The Southern African Development Community (Sadc) has reiterated its call for Western countries to lift sanctions imposed on Zimbabwe, saying the embargo was limiting private sector investment and hindering the country's reform agenda.
The call was made by Sadc executive secretary Dr Stergomena Lawrence Tax when she met the US Charge d 'Affairs in Botswana, Ms Kali Jones, on Monday.
The call, which comes a few days after Sadc Chairman and Namibian President Hage Geingob threw the region's weight behind President Mnangagwa's administration, flies in the face of MDC-Alliance leader Mr Nelson Chamisa, who is reportedly out of the country on a so-called diplomatic offensive to "sensitise the continent on the situation in Zimbabwe."
The opposition leader and his adjuncts in the non-governmental organisation (NGO) sector have been, without success, calling for the vilification and isolation of Zimbabwe by Sadc, the African Union (AU) and entire global community for alleged human rights violations.
Dr Tax said the illegal embargo was inhibiting Zimbabwe from accessing financial assistance from multilateral institutions.
"Great meeting with the USA," she posted on her Twitter handle.
"Reiterated Sadc call to the international community to lift economic sanctions to Zimbabwe, which deny Zimbabwe access to finance from Multilateral & Private Institutions, and affect the country's development."
Details of the meeting were also outlined on the Sadc website.
It says: "H.E. Dr Tax reiterated Sadc's call for the international community to lift socio-economic sanctions imposed on Zimbabwe, which she said continue to deny Zimbabwe access to finance from Multilateral Financial Institutions and Private Financed Institutions and Capital Markets to support the country's development agenda. On this point, H.E. Dr Tax added that the economic sanctions have led to limited private sector investment into the country.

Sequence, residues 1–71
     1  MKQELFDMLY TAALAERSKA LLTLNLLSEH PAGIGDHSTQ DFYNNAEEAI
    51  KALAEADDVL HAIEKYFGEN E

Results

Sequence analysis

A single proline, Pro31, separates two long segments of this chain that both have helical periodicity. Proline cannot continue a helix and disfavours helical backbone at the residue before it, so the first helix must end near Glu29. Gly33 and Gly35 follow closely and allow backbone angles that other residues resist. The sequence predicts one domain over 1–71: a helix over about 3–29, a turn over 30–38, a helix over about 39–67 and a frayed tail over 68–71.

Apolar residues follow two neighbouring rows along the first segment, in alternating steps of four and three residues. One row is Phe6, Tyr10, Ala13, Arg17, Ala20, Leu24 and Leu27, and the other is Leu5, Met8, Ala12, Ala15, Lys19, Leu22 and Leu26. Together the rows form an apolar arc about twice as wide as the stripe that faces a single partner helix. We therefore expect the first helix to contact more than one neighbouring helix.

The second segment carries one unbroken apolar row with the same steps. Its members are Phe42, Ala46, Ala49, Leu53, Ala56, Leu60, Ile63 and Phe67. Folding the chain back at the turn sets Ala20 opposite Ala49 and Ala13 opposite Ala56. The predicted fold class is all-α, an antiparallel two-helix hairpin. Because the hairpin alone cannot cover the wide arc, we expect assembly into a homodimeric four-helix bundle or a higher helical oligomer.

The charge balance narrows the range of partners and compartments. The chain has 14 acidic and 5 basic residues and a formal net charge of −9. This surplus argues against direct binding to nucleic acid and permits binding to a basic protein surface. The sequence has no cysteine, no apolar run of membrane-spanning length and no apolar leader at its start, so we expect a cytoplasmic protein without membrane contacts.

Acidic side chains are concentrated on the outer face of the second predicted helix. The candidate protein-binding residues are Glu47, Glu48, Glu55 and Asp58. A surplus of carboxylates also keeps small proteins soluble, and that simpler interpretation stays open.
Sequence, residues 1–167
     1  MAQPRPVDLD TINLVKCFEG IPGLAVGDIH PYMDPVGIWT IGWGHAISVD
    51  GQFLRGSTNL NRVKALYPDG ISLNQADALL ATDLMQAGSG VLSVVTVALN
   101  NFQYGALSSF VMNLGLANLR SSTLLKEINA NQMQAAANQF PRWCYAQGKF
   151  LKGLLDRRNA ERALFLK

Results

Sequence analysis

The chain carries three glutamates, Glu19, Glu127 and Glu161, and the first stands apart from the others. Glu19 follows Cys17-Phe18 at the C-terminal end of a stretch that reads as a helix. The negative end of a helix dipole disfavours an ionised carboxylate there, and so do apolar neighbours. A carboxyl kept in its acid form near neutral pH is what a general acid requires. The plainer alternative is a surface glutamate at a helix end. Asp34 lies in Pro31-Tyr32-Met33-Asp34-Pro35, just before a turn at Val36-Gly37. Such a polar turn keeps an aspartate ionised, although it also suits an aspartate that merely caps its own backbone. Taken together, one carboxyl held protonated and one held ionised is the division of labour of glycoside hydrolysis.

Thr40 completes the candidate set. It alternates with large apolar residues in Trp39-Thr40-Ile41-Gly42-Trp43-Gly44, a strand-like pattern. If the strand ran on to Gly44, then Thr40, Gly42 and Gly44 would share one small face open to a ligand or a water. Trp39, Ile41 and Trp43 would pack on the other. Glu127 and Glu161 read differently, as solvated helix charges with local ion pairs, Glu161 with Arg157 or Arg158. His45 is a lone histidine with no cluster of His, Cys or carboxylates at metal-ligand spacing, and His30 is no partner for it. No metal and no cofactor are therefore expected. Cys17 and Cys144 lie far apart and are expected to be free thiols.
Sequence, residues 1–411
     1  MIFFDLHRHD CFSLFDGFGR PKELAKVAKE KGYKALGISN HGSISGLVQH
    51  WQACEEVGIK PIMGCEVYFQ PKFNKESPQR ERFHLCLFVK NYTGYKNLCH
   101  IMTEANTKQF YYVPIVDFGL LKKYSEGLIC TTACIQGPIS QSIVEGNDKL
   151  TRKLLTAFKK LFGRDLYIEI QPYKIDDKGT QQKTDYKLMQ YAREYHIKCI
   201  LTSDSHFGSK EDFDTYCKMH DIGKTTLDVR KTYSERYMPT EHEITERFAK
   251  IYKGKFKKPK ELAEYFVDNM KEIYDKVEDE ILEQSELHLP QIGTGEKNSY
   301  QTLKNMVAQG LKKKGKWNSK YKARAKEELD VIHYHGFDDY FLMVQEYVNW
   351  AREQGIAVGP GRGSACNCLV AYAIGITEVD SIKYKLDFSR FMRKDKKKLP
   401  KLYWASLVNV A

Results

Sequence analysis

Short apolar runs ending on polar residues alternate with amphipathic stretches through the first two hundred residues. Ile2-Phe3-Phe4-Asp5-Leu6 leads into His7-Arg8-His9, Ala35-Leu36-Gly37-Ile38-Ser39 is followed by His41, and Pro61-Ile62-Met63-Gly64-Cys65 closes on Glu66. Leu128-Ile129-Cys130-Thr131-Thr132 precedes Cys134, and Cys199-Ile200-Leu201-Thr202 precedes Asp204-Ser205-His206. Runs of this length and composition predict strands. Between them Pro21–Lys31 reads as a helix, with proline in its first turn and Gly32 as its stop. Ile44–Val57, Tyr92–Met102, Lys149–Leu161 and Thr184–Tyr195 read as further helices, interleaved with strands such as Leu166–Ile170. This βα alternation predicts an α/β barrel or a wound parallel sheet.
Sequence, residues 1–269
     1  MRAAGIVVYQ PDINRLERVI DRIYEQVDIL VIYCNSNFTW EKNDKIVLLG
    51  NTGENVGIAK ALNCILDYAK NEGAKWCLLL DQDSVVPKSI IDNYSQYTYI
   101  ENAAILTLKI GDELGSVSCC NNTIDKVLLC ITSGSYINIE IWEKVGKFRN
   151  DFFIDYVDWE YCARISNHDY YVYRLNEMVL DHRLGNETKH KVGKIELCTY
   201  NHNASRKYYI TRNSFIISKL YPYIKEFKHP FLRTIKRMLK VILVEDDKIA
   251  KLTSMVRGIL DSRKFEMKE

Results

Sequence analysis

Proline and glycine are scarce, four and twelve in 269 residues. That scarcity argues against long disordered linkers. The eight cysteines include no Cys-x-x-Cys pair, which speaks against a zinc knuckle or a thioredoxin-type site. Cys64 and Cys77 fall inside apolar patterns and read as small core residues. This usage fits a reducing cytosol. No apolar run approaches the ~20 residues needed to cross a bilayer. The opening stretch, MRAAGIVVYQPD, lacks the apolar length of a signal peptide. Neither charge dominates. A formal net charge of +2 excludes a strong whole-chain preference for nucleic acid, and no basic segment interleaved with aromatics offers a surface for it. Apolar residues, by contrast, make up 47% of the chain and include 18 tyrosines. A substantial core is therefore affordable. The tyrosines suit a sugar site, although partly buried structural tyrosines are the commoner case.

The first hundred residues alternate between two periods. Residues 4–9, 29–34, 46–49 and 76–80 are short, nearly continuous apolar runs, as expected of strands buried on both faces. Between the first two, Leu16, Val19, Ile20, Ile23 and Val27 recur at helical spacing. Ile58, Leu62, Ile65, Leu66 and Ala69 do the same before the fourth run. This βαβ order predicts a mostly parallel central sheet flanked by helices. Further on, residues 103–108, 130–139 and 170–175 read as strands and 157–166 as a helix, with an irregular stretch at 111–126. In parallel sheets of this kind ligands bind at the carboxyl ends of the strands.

"The Sadc Executive Secretary was accompanied by the Sadc Deputy Executive Secretary for Corporate Affairs, Ambassador Joseph Nourrice, Mr Habib Kambanga, Head of Regional Early Warning Centre (REWC), Representing the Director of the Organ on Politics, Defence and Security Affairs. The Charge d' Affairs was accompanied by Ms Elizabeth O'Rourke, Political Officer at the US Embassy in Botswana."
Recently, South African President Cyril Ramaphosa and Kenyan President Uhuru Kenyatta called for the removal of the sanctions against Harare for economic development to take place.
In a statement last week, SADC Chairperson and Namibian President Hage Geingob said: "The Consultative Meeting of the Southern Africa Development Community (SADC) heads of State and Government, held on 9 February 2019, received a briefing from His Excellency, Mr Emmerson Mnangagwa, President of the Republic of Zimbabwe, on the current political and socio-economic developments in the country.
"The SADC Heads of State and Government noticed that since coming to power, the new Government of Zimbabwe has continued with concerted efforts to address socio-economic challenges and transform the economy, particularly through the Zimbabwe Transitional Stabilisation Programme (2018-2020), and to consolidate unity and peace in the country."
President Geingob said SADC was aware of the hidden hand trying to derail Zimbabwe's economic reform agenda.
"This notwithstanding, some internal groups, in particular NGOs supported by external forces, have continued with efforts to destabilise the country," he said.
"The SADC Heads of State and Government also noted that in an effort to address the economic challenges in the country, the Government recently increased fuel prices. Unfortunately, violent demonstrators rode on the back of increases in fuel prices, to destruction of property and loss of life.
"SADC condemns in the strongest of terms the violence that ensued, and expresses sympathy with affected families for the loss of their loved ones and their properties."
Sanctions have been singled out as the largest single impediment to Zimbabwe's economic stabilisation plans and the regional bloc joined the increasing number of businesspeople, religious leaders and organisations calling for their immediate removal.
"The SADC Heads of State and Government further noted that the Government efforts to transform the economy and bring about prosperity to the people of Zimbabwe are negatively affected by the illegal sanctions that were imposed on the country since the early 2000s," said President Geingob.
"SADC expresses its solidarity with the Government and the people of the Republic of Zimbabwe, and calls upon the international community to unconditionally lift all sanctions imposed on the country."